Now that Daylight Saving Time is gone, and darkness sets in much earlier, what better time than now to settle into some outstanding books in the warm comfort of your home? Here are some of the best new books geared for ages nine and up (unless otherwise indicated). But chances are, you’ll enjoy them also and most books would be great to read out loud to your family. Some of these books are so good that chances are excellent for them to be Newbery contenders.
A Night Divided, by Jennifer A. Nielsen, takes place during the fall of 1961 in Berlin, Germany when East and West became divided. This historical fiction showcases the bravery and hope East Germans faced as families, who were suddenly cut off from loved ones, dealt with these extreme difficulties. Young Gerta has just woken up to find a high barbed-wire fence that will keep her father and brother from coming back to the eastern part of the city. They just left the day before for the western part of Berlin to look for work. Now they can’t come back. The drama that plays out reflects the many hardships that families and relatives of families faced once the wall went up. This page-turner won’t leave your memory for quite some time.
Chasing Secrets, by Gennifer Choldenko, is another historical fiction but this book is based on the plague that hit San Francisco in 1900. This plague frightened most of the city because many people were dying and the reasons for the plague were largely unknown. Thirteen-year-old Lizzie is about to get to the bottom of this horrific plague and figure out what is causing it. The complexity of this mystery, and the wonderful way it’s written, makes this book a complete winner!
Courage & Defiance, by Deborah Hopkinson, is an exhilarating non-fiction account of the brave men and women who helped save Jewish families living in Denmark during World War II. The accounts of these brave deeds are daring and amazing. There are photos, maps and illustrations found throughout. There is also tragedy found near the back of the book about the Jewish prison camps and for this reason this book is better suited for ages eleven and up.
Grounded: The Adventures of Rapunzel, by Megan Morrison, is nothing like the traditional fairytale. This Rapunzel is actually happy up in her tower. It’s only when a boy by the name of Jack comes up to her high window seeking help for his injured fairy that she eventually descends to the ground where she becomes “grounded”. And this is when her great high adventures begin.
Shadows of Sherwood, by Kekla Magoon, grabs you immediately when young Robyn comes into her house to find that her parents have suddenly disappeared. And now she realizes she must leave her home before she also is kidnapped. When she joins a band of kids she never knew before, she enlists them to help her locate her parents. This is the first book in a planned series.
Echo, by Pam Muniz Ryan, takes place over several hundred years and begins with a young boy becoming lost in the woods. When he is rescued by three sisters who have been cursed by a witch, he helps carry their spirits out through a harmonica. Now hundreds of years later, this harmonica helps three children living in completely different circumstances and eventually guides them toward happiness. Through much hard work and persistence, these three overcome great adversity and bring their talents of music to success. This story is full of hope and encouragement to follow your talents – but to work hard along the way.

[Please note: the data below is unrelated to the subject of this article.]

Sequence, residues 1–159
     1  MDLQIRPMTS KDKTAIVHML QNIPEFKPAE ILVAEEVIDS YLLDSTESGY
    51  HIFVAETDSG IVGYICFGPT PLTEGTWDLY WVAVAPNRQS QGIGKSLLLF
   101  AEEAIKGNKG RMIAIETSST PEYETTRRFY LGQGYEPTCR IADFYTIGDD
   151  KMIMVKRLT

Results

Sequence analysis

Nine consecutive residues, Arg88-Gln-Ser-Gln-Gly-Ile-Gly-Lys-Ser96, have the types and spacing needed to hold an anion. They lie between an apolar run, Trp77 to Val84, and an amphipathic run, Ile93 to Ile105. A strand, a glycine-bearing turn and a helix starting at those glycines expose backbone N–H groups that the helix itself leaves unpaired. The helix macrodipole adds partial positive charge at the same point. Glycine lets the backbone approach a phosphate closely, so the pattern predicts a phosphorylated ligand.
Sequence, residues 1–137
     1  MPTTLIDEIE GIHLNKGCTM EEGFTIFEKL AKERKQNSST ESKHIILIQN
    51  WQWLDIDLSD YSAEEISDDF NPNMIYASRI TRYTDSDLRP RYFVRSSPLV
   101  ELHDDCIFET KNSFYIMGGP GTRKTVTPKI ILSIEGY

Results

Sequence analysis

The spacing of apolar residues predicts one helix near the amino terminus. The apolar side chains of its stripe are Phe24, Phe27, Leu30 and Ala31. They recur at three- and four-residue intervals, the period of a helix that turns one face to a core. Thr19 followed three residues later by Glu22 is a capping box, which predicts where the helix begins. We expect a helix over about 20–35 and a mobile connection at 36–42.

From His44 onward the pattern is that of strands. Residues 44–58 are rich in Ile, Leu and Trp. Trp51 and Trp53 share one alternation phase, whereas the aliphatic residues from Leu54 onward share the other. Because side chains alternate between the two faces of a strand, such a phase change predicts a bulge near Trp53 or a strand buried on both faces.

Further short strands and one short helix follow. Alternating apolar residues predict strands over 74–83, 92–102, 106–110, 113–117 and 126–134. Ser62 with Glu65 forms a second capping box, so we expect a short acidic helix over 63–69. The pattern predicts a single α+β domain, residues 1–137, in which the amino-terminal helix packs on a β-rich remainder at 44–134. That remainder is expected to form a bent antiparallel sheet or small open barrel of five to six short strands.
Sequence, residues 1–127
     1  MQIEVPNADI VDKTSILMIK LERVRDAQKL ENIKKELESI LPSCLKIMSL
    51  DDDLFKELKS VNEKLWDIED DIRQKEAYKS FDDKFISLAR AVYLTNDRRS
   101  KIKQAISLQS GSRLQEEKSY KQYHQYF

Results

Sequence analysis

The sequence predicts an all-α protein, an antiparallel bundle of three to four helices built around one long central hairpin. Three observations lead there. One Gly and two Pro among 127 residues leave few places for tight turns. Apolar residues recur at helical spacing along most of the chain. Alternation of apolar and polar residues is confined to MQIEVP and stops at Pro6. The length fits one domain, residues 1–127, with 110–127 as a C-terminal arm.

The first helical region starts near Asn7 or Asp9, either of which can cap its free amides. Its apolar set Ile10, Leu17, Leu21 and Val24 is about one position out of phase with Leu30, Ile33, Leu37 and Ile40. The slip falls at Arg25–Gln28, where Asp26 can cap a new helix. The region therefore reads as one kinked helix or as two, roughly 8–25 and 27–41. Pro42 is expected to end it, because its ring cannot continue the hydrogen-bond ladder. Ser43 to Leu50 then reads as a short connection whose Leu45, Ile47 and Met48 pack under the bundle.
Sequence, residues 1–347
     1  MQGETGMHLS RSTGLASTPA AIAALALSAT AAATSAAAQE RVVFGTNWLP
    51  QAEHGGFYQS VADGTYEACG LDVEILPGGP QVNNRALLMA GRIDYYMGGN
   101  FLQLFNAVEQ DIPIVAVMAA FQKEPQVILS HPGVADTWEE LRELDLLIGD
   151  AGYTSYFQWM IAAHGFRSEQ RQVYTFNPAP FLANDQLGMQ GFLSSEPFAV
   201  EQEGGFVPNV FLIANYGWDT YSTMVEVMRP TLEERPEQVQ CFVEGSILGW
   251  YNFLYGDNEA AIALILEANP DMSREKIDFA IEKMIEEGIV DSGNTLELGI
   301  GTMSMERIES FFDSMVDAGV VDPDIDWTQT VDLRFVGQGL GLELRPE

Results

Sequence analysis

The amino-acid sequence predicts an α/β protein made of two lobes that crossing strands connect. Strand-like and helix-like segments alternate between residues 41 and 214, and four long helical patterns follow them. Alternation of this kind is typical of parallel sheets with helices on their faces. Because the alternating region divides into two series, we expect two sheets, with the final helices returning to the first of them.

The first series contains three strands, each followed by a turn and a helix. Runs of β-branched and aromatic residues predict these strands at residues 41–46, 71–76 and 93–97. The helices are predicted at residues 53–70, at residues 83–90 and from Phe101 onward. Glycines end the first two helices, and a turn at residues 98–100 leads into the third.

Nightbird, by Alice Hoffman, is a magical tale about Twig, a sweet girl who has a secret in her small town. She is hiding her brother from everyone. No one knows she even has a brother. She’s hiding him because he has huge black wings and he can only leave their home late at night to fly in the sky. But trouble begins one night when someone sees him. Twig eventually learns the importance of family and relationships.
Adventures With Waffles, by Maria Parr, was originally written in Norwegian but the book was so popular it was translated into English. Once you begin reading the many fun, and funny, experiences the two friends have, you begin to get an idea of life in Norway. But there is a theme running throughout the storyline: Norwegians like their waffles. It’s always interesting for youngsters to learn about other countries and realize that kids are the same everywhere.
Has Anyone Seen Jessica Jenkins?, by Liz Kessler, begins when Jessica is in class when her friend, Izzy, notices something very odd happening to Jessica – her arm has disappeared. Then if that wasn’t strange enough, all of Jessica begins to turn invisible. That evening Jessica and Izzy try to discover how she accomplished this incredible feat and if she could do it again. When she figures out the way she can completely disappear, an underlying reason soon becomes evident. Here’s an adventure sure to keep you reading late into the night.
Firefly Hollow, by Alison McGhee, and illustrated with color sporadically by Christopher Denise, finds Firefly wanting to leave the Hollow because she has always wanted to touch the moon. Cricket wants to leave because he has always wanted to play baseball. But when they do leave the safety of the Hollow, they end up meeting someone they had only heard about. This someone is a giant to them. But he’s actually a boy who also has big dreams. This sweet tale is about friendship and support and working toward achieving your dreams.